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'Tis the season for oysters!

Long before David Foster Wallace's epic Consider the Lobster, there was M.F.K. Fischer's Consider the Oyster. Written in what some postulate was an attempt to cheer herself up while her husband suffered from a weird condition called Buerger's disease (he eventually shot himself, because the pain in his phantom limb was so bad), Fischer's Oyster has been in print since it was first published in 1941.

One of the notions about oysters that Fischer expounds is that the briny bivalves are best eaten during months with 'R's in their names — that is, September to April. Why? Because during the summer, the oysters are breeding (baby oysters are called "spats," in case you were wondering), and they're a little thin. In the fall and winter, oysters are at their meatiest salty-sweet-crisp perfection.

I'm not going to touch on the notion that oysters are an aphrodisiac — my rule on that is if you need a special something to make it happen, it's not going to happen; if it's going to happen anyway, then a little piece of silver sea meat (tasty though it may be) is probably not going to make a difference.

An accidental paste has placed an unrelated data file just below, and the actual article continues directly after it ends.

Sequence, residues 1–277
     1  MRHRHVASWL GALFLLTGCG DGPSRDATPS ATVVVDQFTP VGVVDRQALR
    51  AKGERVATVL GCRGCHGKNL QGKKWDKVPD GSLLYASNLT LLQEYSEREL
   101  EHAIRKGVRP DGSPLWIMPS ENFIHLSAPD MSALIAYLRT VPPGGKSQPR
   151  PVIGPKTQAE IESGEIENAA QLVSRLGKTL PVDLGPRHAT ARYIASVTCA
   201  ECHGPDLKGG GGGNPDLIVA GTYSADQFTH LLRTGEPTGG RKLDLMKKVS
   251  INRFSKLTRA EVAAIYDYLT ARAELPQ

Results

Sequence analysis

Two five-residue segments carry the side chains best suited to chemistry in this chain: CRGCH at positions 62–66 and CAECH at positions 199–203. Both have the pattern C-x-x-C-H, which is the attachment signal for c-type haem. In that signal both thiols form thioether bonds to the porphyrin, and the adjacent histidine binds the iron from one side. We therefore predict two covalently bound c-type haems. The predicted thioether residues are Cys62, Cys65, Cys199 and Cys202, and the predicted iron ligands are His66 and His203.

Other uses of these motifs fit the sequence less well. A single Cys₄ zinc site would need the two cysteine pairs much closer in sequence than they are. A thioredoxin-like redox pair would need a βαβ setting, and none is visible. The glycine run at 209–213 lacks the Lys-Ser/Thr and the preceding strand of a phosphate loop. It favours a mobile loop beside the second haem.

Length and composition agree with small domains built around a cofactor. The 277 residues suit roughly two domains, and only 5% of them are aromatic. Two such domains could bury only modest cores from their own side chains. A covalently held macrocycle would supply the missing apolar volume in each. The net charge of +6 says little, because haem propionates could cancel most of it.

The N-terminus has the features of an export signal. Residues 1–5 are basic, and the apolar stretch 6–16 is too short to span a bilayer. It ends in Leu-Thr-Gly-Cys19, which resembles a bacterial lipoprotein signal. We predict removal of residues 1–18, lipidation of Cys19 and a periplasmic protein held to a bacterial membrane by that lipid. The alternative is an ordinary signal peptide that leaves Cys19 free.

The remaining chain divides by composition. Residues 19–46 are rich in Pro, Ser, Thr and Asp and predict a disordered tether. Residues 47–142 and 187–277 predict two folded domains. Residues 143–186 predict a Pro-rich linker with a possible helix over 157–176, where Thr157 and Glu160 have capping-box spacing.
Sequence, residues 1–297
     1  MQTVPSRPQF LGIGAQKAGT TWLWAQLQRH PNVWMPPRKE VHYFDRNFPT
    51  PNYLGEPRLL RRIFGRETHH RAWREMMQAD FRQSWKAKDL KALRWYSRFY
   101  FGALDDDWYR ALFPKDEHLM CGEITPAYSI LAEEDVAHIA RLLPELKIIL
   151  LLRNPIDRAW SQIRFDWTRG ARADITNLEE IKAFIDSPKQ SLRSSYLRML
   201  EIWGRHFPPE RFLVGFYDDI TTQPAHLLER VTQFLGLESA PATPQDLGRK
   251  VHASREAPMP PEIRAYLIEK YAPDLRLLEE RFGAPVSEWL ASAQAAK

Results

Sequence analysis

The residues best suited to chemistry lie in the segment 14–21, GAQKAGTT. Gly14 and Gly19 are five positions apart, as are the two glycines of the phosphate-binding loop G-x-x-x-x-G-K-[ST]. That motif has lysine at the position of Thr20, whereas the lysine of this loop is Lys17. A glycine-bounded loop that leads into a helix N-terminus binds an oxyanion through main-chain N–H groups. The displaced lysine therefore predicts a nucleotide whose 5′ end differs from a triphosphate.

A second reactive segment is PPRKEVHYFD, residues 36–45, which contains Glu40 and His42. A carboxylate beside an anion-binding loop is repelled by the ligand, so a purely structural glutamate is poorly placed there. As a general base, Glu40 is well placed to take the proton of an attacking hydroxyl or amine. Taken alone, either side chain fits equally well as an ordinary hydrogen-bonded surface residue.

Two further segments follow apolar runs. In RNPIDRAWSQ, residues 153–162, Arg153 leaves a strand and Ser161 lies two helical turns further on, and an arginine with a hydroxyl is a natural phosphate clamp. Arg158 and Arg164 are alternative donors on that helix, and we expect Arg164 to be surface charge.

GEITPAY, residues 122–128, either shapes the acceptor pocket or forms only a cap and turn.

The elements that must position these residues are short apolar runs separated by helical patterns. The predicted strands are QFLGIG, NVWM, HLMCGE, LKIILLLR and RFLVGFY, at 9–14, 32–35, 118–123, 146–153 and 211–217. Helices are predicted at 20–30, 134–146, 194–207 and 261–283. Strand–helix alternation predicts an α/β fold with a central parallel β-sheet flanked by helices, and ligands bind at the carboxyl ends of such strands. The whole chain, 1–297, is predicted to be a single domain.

So what exactly should you drink when you're out on the town, slurping back these delicious morsels? A chalky white wine — like a Torrontes — goes well. Roses (with their combination of slight fruitiness and high salinity) also do nicely. And a dry sparkling — particularly a Prosecco — can also knock an oyster out of the park (not that the oyster needs any help, really).

If you're in the market to wine and dine for oysters, there are plenty of places that do it right in Connecticut — a prime oyster-growing region, home of the famed Connecticut Blue Point. (In fact, the Connecticut Department of Agriculture estimates that the oyster farming industry generates $15 million in sales annually and creates 300 jobs — not exactly insignificant in this economy.) From cocktail bars to oyster bars to steakhouses, Connecticut proudly represents one of its best exports.


Where to Eat Oysters

•116 Crown, 116 Crown St., New Haven. (203) 777-3116.

•Liv's Oyster Bar, 166 Main St. #4, Old Saybrook. (860) 395-5577.

•Max's Oyster Bar, 964 Farmmington Ave., Hartford. (860) 236-6299.

Copyright © 2014, The Baltimore Sun
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